It seems that for every new restaurant that opens in Portland, an exciting new bar is emerging on the scene as well. Blyth & Burrows, at 26 Exchange Street, is no ordinary bar. Joshua Miranda has been involved in several notable cocktail lounges around town; however, this is the first project he’s created on his own and for that we’re grateful. The space is beautifully appointed with an eye to the War of 1812. Why that war you ask? As a port city, rich in maritime history, Miranda was familiar with the story of two captains who died in that war and are buried right here in Portland. He’s set his nautical theme, from menu to decor, based on their story. Cocktails are crafted for aesthetics as well as taste with carefully chosen light bites to pair. The bar set up is more like three bars in one, with multi-levels, and here comes the speakeasy part: one of bars is called The Broken Dram. You can enter this clandestine watering hole directly from an alley off of Fore street. Look for the single red light at the entrance and the Dram spray painted on the door, or there’s a prohibition-era clever door you’ll have to find before finally entering the Dram from inside Blyth and Burrows – both of these establishments are well-worth the visit for excellent cocktails and delicious small bites.
Looking ahead to the weekend, Farmstead Cheese is hosting a cheese lovers event you won’t want to miss Saturday, June 18. Head to Whitefield to meet the sheep and goats behind Fuzzy Udder Creamery’s delicious cheeses. Farmer and cheesemaker, Jessie Dowling will introduce her flock and offer a walk through of the cheesemaking process. Enjoy a cheese tasting and select some of your favorite Fuzzy Udder cheese to purchase and take home. This is one of Maine Farmland Trust‘s featured seasonal events.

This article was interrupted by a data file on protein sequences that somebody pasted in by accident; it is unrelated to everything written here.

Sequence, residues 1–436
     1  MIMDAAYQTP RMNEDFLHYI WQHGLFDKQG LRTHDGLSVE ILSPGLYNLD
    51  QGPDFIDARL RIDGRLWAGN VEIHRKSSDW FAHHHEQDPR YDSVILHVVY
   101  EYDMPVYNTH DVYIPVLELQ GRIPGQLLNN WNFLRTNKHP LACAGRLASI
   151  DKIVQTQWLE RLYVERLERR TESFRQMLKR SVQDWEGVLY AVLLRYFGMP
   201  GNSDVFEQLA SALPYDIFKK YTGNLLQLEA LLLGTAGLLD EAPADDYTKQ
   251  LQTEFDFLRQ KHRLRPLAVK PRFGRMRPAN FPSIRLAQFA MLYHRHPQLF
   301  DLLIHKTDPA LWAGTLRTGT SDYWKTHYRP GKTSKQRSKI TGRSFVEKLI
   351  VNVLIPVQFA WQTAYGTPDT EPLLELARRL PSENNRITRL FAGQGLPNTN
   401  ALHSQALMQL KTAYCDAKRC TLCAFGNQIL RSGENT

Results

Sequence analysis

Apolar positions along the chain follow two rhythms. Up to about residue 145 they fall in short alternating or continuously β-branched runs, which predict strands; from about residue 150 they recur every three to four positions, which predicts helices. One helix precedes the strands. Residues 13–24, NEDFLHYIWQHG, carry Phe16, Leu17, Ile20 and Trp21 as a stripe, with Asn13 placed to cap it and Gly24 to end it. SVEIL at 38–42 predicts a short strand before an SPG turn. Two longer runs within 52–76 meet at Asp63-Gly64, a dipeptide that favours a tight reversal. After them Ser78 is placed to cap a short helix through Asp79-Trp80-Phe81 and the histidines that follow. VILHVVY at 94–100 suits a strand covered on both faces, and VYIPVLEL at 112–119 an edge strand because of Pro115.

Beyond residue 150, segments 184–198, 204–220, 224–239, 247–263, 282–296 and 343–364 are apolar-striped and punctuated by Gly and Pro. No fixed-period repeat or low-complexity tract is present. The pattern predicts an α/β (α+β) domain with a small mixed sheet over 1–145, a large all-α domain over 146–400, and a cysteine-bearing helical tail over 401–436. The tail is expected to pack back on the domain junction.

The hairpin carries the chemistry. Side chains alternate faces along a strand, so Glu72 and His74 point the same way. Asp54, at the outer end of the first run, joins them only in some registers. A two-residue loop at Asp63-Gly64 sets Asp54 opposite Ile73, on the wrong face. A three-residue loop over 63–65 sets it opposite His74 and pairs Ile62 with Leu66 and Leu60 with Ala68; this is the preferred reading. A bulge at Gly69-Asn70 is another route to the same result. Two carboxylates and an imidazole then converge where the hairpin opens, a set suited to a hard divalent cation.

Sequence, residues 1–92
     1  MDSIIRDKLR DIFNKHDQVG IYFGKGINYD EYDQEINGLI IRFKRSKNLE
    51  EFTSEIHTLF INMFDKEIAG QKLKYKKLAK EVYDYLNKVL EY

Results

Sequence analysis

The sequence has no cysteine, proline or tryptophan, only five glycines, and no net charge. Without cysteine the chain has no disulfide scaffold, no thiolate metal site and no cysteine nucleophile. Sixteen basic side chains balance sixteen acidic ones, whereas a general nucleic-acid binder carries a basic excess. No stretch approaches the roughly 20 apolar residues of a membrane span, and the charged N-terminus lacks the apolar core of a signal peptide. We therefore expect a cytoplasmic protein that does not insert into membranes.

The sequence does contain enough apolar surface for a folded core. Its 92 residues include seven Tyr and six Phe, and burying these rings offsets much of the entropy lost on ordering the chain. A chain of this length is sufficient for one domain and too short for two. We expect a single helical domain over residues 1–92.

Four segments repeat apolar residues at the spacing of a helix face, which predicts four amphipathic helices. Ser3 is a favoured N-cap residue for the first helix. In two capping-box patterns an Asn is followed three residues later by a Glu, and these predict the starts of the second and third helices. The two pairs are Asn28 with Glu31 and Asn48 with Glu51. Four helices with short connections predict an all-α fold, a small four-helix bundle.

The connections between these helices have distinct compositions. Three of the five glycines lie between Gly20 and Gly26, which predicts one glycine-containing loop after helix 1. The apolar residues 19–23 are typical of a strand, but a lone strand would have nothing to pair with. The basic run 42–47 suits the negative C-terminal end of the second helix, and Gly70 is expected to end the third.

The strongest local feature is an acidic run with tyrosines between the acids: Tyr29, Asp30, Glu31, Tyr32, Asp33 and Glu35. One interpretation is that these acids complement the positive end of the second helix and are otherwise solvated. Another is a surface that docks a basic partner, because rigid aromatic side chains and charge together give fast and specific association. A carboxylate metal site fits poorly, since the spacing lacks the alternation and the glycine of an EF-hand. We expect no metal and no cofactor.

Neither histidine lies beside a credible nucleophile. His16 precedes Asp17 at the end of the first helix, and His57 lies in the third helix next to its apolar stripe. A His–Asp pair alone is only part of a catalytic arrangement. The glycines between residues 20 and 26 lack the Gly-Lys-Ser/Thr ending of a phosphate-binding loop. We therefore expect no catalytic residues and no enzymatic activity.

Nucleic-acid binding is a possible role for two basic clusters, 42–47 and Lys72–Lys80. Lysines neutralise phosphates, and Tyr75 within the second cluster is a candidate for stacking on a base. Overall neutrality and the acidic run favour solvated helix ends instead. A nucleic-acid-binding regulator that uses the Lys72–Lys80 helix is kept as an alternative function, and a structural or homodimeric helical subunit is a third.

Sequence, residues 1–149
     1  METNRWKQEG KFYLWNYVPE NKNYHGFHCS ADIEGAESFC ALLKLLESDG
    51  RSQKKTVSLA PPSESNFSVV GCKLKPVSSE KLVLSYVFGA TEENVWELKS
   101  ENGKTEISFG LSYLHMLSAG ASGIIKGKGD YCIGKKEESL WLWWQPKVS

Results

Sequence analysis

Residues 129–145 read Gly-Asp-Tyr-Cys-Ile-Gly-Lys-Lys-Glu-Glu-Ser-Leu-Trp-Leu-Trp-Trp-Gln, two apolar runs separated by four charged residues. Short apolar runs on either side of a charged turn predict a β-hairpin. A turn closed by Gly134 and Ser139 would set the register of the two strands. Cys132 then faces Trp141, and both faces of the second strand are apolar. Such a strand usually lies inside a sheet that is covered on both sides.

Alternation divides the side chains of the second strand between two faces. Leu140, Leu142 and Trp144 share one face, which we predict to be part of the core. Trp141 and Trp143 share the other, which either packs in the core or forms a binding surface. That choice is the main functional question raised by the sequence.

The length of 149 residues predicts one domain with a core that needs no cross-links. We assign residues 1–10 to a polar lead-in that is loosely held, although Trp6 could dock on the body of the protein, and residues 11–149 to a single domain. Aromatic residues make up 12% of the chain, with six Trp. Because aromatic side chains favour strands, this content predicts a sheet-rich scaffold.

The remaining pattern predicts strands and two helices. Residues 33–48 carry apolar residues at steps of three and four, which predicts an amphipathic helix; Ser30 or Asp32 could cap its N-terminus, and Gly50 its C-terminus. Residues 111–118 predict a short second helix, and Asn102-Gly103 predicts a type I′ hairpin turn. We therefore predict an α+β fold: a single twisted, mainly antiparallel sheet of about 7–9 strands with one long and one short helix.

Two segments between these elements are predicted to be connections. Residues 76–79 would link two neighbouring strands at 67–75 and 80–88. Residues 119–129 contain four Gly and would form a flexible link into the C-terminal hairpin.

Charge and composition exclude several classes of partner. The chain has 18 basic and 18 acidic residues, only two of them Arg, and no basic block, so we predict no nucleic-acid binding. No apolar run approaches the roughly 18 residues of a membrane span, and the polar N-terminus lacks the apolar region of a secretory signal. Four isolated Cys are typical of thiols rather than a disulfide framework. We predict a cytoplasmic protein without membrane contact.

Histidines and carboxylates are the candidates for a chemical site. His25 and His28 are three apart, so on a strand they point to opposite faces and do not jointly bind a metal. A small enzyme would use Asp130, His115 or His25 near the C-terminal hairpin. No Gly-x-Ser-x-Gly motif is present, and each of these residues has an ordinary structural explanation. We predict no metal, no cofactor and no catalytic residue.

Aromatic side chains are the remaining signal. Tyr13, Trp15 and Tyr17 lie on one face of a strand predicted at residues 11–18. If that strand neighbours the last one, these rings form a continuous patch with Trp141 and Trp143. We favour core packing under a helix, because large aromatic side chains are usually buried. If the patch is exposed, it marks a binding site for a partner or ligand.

Portland’s surrounding islands are not just beautiful to observe from afar. Consider taking an island day trip on the Casco Bay Ferry over to the most visitor friendly of the Calendar Islands, Peaks Island! After a less than 20 minute, inexpensive boat ride, you’ll arrive on a beautiful, quiet and easy to navigate island. Start with a cocktail or a craft beer at the Inn at Peaks Island; to the right and up the hill as you walk after disembarking. Next, treat yourself to a leisurely and delicious indoor/outdoor lunch at the family-owned Cockeyed Gull (to the left on the same road; map unnecessary). Enjoy a menu of fresh fare, assorted beers and spirits. Directly across from the Cockeyed Gull, you’ll find a bike rental shop. Make sure you’ve picked up some bottled waters and snacks at Hannigan’s Market, before you bike or walk this quaint island to check out Battery Steele, to collect sea glass on the beach, and visit the quirky Umbrella Cover Museum. You can easily spend hours here and trust me, you won’t want to leave. A few more facts about Peaks:
- Peaks Island is the most populous island in Casco Bay, Maine. It is part of the city of Portland and is approximately 3 miles (4.8 km) from downtown. The island became a popular summer destination in the late 19th century, when it was known as the Coney Island of Maine (Wikipedia).